Panthers five-eighth Jarome Luai knows he’s made mistakes in the past but, on the eve of his 100th game in the NRL, the 26-year-old father of three says he grown not only as a player but as a person.
Following a challenging few weeks, which saw him unfairly cut from State of Origin duty, Luai was back at the place he holds close to his heart – Penrith Stadium – on Tuesday afternoon for an Open Training session, which saw thousands of Panthers members in attendance.
While the Samoan international gets hammered from pillar to post by anonymous trolls on social media on the regular, the scene was vastly different earlier this week with genuine rugby league fans of all ages chanting his name as they pursued an autograph and a selfie from the talented playmaker.
Speaking exclusively with the Weekender, Luai admitted he was in a good place mentally after a difficult month that saw him receive death threats following Origin II in Brisbane.
“I feel good, man. I’m in a good mindset with everything that’s happened,” he said.
“Obviously coming back here and seeing how much the fans love you puts it all into perspective and it makes me realise that what I have is pretty special and not to take it for granted.”
Following Penrith’s monster win over Melbourne in Round 18, Luai took some time away from footy – spending it with his little family in their new South Penrith home. It was the reset that Luai desperately needed to get his mind and body ready for the business end of the season.
“I had a week off, I didn’t go anywhere. I hadn’t really been home much because it’s been full-on with Origin,” Luai said.
“Just to spend some time at home with my babies has been refreshing for myself and I definitely feel ready for the back end of the year.”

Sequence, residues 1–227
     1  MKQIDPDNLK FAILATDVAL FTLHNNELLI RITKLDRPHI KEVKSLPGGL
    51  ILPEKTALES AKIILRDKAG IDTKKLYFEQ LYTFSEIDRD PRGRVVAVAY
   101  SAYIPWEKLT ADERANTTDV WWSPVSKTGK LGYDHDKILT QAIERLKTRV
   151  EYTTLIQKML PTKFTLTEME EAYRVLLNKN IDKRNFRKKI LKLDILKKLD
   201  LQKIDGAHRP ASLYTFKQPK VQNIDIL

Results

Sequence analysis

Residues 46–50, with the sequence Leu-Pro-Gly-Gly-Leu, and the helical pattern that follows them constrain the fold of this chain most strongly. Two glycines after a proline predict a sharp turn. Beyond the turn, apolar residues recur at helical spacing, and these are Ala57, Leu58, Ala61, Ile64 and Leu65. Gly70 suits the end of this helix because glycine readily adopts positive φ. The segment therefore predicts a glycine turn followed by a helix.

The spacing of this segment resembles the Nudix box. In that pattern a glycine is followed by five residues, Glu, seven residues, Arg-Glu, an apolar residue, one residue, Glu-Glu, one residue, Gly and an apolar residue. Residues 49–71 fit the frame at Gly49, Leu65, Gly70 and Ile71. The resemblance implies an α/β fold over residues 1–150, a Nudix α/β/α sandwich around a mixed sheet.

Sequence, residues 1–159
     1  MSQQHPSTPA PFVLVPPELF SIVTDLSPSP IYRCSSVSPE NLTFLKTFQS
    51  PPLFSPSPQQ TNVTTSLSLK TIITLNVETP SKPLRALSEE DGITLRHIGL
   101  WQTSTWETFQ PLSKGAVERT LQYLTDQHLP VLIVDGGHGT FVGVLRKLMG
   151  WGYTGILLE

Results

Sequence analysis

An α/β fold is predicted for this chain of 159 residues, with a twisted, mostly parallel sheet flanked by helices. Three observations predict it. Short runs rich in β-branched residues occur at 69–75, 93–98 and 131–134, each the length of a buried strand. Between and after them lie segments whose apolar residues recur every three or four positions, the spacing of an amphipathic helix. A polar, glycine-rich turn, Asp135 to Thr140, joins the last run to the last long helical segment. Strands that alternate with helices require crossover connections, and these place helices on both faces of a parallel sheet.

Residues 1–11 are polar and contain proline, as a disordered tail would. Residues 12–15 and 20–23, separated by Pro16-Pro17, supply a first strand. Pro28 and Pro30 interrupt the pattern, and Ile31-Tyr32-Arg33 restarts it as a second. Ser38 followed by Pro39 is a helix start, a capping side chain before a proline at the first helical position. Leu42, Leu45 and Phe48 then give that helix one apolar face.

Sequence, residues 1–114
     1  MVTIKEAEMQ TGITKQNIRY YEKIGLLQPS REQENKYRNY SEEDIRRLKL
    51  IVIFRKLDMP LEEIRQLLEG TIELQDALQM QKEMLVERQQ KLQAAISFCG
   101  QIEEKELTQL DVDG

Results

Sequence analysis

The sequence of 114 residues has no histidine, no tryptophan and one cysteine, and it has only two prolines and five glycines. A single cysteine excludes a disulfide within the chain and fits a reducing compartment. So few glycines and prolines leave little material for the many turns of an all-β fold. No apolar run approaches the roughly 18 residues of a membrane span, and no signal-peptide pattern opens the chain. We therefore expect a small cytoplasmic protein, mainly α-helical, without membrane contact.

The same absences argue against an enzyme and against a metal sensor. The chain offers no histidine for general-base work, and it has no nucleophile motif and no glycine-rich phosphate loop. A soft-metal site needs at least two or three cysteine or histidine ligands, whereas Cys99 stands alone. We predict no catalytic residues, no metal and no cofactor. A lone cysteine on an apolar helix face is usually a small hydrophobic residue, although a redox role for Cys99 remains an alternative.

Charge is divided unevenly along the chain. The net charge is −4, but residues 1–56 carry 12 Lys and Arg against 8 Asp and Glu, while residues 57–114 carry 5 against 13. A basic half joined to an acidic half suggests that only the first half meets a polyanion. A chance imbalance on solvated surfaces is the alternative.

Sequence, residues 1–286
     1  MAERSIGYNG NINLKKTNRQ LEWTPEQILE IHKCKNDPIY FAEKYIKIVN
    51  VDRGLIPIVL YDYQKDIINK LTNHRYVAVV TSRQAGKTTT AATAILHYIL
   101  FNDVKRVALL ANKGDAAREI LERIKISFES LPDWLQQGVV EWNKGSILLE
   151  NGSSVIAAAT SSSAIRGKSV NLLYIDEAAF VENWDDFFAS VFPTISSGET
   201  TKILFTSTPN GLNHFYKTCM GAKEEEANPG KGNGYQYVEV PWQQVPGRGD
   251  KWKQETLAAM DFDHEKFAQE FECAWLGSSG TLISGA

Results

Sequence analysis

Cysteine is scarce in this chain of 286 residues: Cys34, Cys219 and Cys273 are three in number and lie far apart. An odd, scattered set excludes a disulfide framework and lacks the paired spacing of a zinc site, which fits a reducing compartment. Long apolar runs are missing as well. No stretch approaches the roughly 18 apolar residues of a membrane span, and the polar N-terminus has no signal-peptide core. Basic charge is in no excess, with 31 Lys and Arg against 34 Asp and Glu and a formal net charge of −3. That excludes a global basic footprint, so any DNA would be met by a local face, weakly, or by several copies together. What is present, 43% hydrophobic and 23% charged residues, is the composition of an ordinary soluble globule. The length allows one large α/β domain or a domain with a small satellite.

Luai’s quest for a third straight NRL Premiership will continue this Sunday afternoon when the Panthers travel to Redcliffe in Brisbane for their first ever match against the Dolphins.
A sold-out crowd will be in attendance for the historic clash, which will also double as Luai’s 100th game in first grade.
“100 games has come by really fast – it’s just how much I’m enjoying my footy right now,” he said.
“I didn’t realise it was my 100th until two days ago when one of the boys tipped me up, so the boys knew before I did. It’s special because I’ve played all my 100 games here at Penrith. It’s my home and I love the club and I love the boys I get to play with every week.”
Luai admits he’s come a long way since making his NRL debut against the Newcastle Knights back in 2018. Not only was his infamous hair a lot shorter back then but he also debuted off the interchange bench.
“I remember all my games pretty well, but I remember my debut especially,” he said.
“It’s been a rollercoaster journey for myself, reaching 100 games, but I’m grateful for how it’s gone and what I’ve been able to achieve in those 100 games.”
While the first century of games couldn’t have gone any better for the St Marys junior, it’s the next 100 that will likely be his most important yet.
After numerous lessons learned – some harshly – Luai’s said he’s ready to tackle the next stage of his career and life.
“I’ve definitely felt like I’ve grown as a man and as a player, but most importantly as a person,” he said.
“I’ve gone through some things but that’s what life’s about – its all about learning and if you stop learning then what’s the purpose?
“I’m definitely appreciative of everyone who’s been along for the ride. I just want to say thank you to everyone.”
Nathan Taylor is the Weekender’s Deputy Editor and Senior Sports Writer. He also compiles the weekly Chatter on the Box TV column. Nathan is an award-winning journalist, who has worked at the Weekender for a decade.